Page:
From a Thriving Military Base to an Aircraft Boneyard: Phoenix Goodyear Airport’s Storied History

An Airbus widebody jet is torn down at Phoenix Goodyear Airport (Photo: AirlineGeeks | Ryan Ewing)

It’s not often that you’ll see a Corsair Boeing 747-300, China Southern Boeing 777-200, US Airways Boeing 757 and a Southwest Airlines 737-700 hanging out with the German Air Force and perspective KLM and Lufthansa pilots at a small general aviation airport. However, Phoenix Goodyear Airport is not your typical general aviation airport.

Situated a few miles south of Interstate I-10, which runs directly through Phoenix, Ariz. and 20 miles from Phoenix’s Sky Harbor International Airport, Phoenix Goodyear Airport is home to some of the aviation world’s favorite aircraft that have long since disappeared from the skies. This airport turned retirement home is known as an aircraft boneyard, where aircraft are stored and often stripped for parts.

Aircraft parts prepare to be sold off at Phoenix Goodyear Airport (Photo: AirlineGeeks | Ryan Ewing)

Despite its current status as a general aviation airport, reliever airport to nearby Sky Harbor Airport and aircraft boneyard, Goodyear Airport wasn’t always a place where aircraft went to die, it was a place where aviation thrived.

A Naval Base in the Desert

While landlocked Arizona would be the last place you’d expect to find a United States Navy installation, Goodyear Airport began its life as a Naval Air Facility, called NAF Litchfield Park, during World War II. The airport was a veritable powerhouse for military aviation at the time and exemplified the stateside war effort.

At its peak, NAF Litchfield Park employed nearly 8,000 workers and housed 64 buildings. Its main task was building sections for aircraft such as the PB2Y-3 Coronado, a flying boat used by the Navy in the Pacific theatre, as well as modifying other flying boat types. The base remained in operation until the end of the war, serving its country valiantly and greatly helping the war effort.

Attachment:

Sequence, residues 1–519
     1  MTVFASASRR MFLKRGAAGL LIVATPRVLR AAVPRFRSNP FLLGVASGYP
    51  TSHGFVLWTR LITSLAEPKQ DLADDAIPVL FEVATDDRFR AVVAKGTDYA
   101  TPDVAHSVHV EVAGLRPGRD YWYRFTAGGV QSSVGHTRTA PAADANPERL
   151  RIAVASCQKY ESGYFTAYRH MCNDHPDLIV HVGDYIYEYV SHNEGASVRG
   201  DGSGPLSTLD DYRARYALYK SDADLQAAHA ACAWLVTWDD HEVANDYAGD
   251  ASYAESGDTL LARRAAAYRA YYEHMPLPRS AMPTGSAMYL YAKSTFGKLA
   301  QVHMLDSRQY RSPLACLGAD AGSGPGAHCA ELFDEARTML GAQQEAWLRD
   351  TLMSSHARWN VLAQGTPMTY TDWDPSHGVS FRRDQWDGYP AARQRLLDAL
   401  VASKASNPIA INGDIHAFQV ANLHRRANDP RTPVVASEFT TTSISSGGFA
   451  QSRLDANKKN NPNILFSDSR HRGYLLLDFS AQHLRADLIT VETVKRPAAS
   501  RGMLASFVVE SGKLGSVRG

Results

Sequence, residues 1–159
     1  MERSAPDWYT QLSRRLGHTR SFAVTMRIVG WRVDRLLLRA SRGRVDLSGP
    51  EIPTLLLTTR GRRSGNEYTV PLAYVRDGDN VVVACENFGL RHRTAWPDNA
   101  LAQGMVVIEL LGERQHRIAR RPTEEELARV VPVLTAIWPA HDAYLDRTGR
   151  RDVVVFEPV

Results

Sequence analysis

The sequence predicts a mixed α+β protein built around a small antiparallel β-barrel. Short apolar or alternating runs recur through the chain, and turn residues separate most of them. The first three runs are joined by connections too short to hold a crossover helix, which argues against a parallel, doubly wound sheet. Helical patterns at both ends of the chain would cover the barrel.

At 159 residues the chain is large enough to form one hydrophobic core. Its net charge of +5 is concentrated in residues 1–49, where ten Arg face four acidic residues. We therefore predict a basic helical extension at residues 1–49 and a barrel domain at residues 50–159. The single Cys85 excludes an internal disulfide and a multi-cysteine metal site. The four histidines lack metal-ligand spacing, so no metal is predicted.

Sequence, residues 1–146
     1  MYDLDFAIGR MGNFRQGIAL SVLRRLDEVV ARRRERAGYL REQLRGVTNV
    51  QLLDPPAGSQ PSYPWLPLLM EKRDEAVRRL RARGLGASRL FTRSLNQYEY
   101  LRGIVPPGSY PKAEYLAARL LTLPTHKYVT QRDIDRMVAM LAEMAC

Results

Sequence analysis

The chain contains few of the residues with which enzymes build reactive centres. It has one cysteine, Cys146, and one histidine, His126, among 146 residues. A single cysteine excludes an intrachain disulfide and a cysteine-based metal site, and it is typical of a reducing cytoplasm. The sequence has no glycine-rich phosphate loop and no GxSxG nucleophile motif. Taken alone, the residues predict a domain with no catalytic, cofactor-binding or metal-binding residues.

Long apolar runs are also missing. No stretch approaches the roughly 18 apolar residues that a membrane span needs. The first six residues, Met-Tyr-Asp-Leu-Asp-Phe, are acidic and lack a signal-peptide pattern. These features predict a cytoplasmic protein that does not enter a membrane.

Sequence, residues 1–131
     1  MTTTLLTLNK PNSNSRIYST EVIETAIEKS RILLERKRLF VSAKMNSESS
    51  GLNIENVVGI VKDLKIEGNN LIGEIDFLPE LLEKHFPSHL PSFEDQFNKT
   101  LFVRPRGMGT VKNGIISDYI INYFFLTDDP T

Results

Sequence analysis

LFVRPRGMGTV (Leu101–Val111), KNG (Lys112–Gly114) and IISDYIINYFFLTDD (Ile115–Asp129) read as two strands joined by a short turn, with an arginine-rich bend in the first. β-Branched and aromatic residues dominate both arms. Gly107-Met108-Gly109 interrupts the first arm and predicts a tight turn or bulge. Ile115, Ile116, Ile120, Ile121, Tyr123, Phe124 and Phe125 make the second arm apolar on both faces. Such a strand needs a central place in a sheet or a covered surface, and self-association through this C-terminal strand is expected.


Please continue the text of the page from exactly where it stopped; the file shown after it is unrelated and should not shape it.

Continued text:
After the war ended, NAF Litchfield Park was still of use to the U.S. government and was upgraded to a full-fledged Naval Air Station, updating its name to NAS Litchfield Park. At the time, the U.S. Army and U.S. Navy were the main branches of the United States Armed Forces to operate aircraft in war, as the U.S. Air Force wasn’t created as an independent branch of the military until 1947.

Without a war, however, aircraft production stopped, and the airport began its lasting role as a preservation and storage site for aircraft. As the use of aircraft, fixed-wing and rotorcraft alike, became more widespread across all branches of the military, the number of aircraft increased dramatically and the government needed a place to store them when they reached the end of their lifespan.